‘Yes I like it! I have to admit it! Dermot was right!”
Three years on and long-haul pilot Ian Callaghan is now a declared fan of the infamous concrete wall that became the pivotal point of friction in his home’s 2016 episode of Room To Improve; forever remembered as “The One with Dermot’s Concrete Monolith Wall”.
Presenter Dermot Bannon’s driven efforts to perfect the great wall of concrete in his glass-box extension for Callaghan, complete with stressed bits showing, famously didn’t grab the imagination of the Drogheda-based pilot who had only just purchased his 1930s period dream home in need of restoration and extension.
Knowing Dermo’s budget-busting reputation, Ian had asserted his priority for his project as: “Agreeing on a budget (with Dermot) and sticking with that budget.” But viewers watched as Dermot persisted with his “vision” of a monolith wall of concrete in the living extension and kitchen areas, despite steady reservations from Callaghan, who had to fly off for a week or more at a time with his work, leaving the architect in charge.
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We watched Dermot’s mistake with the plans hold up his great wall and the project overall. Later we discovered the great wall of Dermot had been put in upside down. The builder complained: “I’ve built houses quicker than this friggin wall!”
Callaghan did however, manage to head Dermot off at the pass when it came to his idea for a “black monolithic kitchen” to go with said concrete wall.
By the end of the episode it was clear that the Drogheda flyer seemed happy with the restoration overall but remained unconvinced about Dermot’s “great wall”. “It looks like you’re still waiting to finish it and like two foot of the edging has just fallen off,” Callaghan had concluded.
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Aranmore is a part-brick house at the Dublin Road in Drogheda which the airline pilot purchased for €295,000 when he moved home after living in London for 11 years.
Ian was initially attracted to it because of its original features and his wish was to have it restored but adding light and a contemporary feel to it.
Like Ian, Dermot loved these features. “It has been pretty much untouched since its original construction,” the architect enthused. “You just don’t get how beautiful this building is until you start looking. properly”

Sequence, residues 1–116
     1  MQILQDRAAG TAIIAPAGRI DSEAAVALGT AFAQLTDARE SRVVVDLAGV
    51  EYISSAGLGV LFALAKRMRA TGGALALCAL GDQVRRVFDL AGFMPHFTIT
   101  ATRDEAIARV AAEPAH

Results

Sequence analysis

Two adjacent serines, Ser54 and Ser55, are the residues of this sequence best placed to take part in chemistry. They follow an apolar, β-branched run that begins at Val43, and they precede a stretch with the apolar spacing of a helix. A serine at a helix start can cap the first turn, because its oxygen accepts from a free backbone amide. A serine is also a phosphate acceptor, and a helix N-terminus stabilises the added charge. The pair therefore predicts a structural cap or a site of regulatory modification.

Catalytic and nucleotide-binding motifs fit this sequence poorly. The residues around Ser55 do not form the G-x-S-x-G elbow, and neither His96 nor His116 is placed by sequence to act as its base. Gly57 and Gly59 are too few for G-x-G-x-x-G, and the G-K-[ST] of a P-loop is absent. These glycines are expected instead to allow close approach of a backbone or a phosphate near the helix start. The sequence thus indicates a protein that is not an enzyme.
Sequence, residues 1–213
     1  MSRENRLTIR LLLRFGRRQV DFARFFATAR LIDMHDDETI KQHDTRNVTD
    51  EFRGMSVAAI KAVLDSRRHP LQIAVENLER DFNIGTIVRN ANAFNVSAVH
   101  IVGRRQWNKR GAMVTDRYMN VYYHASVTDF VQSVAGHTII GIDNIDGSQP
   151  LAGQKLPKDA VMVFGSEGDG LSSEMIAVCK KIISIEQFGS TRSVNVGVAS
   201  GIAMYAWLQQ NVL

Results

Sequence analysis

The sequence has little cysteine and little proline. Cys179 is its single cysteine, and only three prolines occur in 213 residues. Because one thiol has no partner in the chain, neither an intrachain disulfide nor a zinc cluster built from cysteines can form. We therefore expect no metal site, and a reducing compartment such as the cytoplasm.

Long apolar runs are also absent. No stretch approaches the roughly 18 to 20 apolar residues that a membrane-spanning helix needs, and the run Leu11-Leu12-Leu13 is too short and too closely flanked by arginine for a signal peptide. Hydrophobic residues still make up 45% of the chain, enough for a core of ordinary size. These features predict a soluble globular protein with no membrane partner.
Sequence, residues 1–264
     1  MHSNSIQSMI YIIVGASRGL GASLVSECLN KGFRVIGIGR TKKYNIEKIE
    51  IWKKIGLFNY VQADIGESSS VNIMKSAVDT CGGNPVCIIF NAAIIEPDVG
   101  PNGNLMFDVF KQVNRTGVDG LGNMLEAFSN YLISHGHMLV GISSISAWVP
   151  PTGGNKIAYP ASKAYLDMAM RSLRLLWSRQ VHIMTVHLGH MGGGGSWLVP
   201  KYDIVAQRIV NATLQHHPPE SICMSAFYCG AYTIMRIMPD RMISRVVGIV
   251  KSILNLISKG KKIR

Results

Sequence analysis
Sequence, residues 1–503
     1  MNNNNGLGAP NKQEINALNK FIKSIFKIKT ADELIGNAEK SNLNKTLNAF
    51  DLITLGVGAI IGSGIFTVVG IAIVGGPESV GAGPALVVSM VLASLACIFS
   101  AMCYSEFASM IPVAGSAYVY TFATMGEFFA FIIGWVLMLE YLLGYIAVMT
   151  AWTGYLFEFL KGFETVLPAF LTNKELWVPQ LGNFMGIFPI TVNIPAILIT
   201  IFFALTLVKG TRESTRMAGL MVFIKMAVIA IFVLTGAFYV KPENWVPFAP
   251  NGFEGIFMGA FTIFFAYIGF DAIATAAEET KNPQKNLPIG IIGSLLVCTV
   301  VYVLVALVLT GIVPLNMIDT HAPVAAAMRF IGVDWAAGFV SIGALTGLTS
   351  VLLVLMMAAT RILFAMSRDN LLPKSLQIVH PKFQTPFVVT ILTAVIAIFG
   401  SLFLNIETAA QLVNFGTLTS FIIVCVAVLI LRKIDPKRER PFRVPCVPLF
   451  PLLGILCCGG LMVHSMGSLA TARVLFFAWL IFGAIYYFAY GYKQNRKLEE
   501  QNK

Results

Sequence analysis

He pinpointed the original terrazzo fireplaces, the original windows, the architraves and the dado rails as being particularly special when assessing the scheduled 16-week project as being “half conservation and half renovation”. He added: “If you do too much to this house you destroy it.”
The other great contention in this project was the discovery of olde worlde wiring behind modern socket panels and switch covers, meaning that a complete rewiring job had to be added to the €150,000 budget for the project.
So this project did go over budget, but a good part that was the owner’s last-minute addition of expensive underfloor heating to the build.
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Now three years after the dust has settled and with plans to sell up and move on, Callaghan takes the opportunity to admit that Dermot was right about the wall all along.
“It just sort of fits the room. I didn’t see that in the beginning but I really like it now. So yes, Dermot was right about the concrete wall. Fair play to him for having the overall vision of what it would all look like and for trying so hard to convince me.”
The pilot recently placed the property on the market for €535,000 through local agent Shane Black and thanks perhaps to its familiarity on TV (the episode is still on the RTE Player), as well as its restored integrity, it has received plenty of viewer attention.
Located in the upmarket Dublin Road enclave in Drogheda, Aranmore is now a four-bedroom family home which spans 1,852 sq ft, almost twice the size of an average city semi.
As was envisioned in the televised renovation, it is now two homes in one – the stylishly restored period house with its grand dimensions and warming features – meshed with Bannon’s modern living space to the side and rear.
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There’s the front pram porch, the stained glass panels on the stairwell, the solidity of the original doors and joinery, including the stair rail and risers, the original floor boards upstairs which are stained and polished and the now open-plan, interlinking front and rear reception rooms with those original fireplaces looking almost brand new.
Finally there’s the kitchen and living ensemble with Dermot’s infamous concrete wall now looking ultimately serene and zen behind a raised stove fire. The kitchen is white (not black) and includes one of the architect’s much-favoured window seats for guests to have a cuppa or a glass of vino and a chat while you cook for them.
Aranmore is within minutes’ walk of Drogheda Town Centre. To see how it was done, check RTE Player Season Nine, Episode Two.
Local agent Shane Black (041) 9810848 has been seeking €535,000. An offer has been accepted in principle at the time of going to press.
Aranmore Dublin Road, Drogheda, Co Louth
Asking price: €535,000
Agent: Shane Black (041) 9810848
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